Advanced cancer as a risk for major depressive episodes. Academic Article uri icon

Overview

MeSH

  • Adaptation, Psychological
  • Adult
  • Aged
  • Case-Control Studies
  • Female
  • Health Surveys
  • Humans
  • Male
  • Middle Aged
  • Prospective Studies
  • Recurrence
  • Risk Factors
  • United States

MeSH Major

  • Depressive Disorder, Major
  • Neoplasms
  • Severity of Illness Index

abstract

  • Major depression adversely affects health communication, quality of life, and survival in patients with advanced cancer. Prior research provides limited insight into how patients with advanced cancer differ from the general population in risk for developing a major depressive episode (MDE). This study aims to determine whether advanced cancer poses distinct risks for initial and recurrent MDEs. Advanced cancer patients (N = 628) from Coping with Cancer were compared with propensity-weighted general population controls (N = 9282) from the National Comorbidity Survey Replication. Patients with advanced cancer were more likely than comparisons to have an initial MDE [OR = 27.3, 95% CI = (14.8-50.4); p < 0.001] but no more likely than comparisons to have a recurrent MDE [OR = 1.5, 95% CI = (0.9-2.6); p = 0.160]. Nearly two thirds (64.4%) of current MDEs in patients were initial onset; the vast majority (91.8%) of current MDEs in comparisons were recurrent. Advanced cancer increases risk of an initial MDE but appears not to enhance risk of a recurrent MDE. This suggests the importance of screening widely for depression in patients with advanced cancer as opposed to targeting screening to presumably high-risk subgroups of those with psychiatric histories. Copyright © 2014 John Wiley & Sons, Ltd.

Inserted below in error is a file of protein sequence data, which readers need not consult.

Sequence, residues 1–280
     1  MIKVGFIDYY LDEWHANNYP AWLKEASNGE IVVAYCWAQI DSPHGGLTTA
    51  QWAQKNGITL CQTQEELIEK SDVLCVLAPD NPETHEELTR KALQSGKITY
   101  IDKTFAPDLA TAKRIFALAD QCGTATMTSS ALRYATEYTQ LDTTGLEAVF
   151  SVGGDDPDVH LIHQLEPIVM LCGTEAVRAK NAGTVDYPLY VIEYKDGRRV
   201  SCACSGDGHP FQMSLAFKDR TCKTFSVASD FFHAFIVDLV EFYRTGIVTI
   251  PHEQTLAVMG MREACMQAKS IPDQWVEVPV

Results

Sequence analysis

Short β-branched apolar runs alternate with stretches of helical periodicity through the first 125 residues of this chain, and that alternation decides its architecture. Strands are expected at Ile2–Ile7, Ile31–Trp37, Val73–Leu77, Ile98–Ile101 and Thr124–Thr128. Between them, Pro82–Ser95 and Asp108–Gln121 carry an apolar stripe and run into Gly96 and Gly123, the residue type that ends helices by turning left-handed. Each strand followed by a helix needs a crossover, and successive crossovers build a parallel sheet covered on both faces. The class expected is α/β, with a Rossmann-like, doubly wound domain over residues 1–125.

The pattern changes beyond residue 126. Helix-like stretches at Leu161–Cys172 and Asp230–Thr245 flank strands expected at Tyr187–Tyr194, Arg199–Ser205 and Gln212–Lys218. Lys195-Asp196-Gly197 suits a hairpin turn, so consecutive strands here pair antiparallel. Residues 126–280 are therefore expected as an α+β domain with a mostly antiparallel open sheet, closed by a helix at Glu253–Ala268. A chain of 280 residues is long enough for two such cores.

publication date

  • September 2015

has subject area

  • Adaptation, Psychological
  • Adult
  • Aged
  • Case-Control Studies
  • Depressive Disorder, Major
  • Female
  • Health Surveys
  • Humans
  • Male
  • Middle Aged
  • Neoplasms
  • Prospective Studies
  • Recurrence
  • Risk Factors
  • Severity of Illness Index
  • United States

Research

keywords

  • Journal Article

Identity

Language

  • eng

PubMed Central ID

  • PMC4447595

Digital Object Identifier (DOI)

  • 10.1002/pon.3722

PubMed ID

  • 25389107

Additional Document Info

start page

  • 1080

end page

  • 1087

volume

  • 24

number

  • 9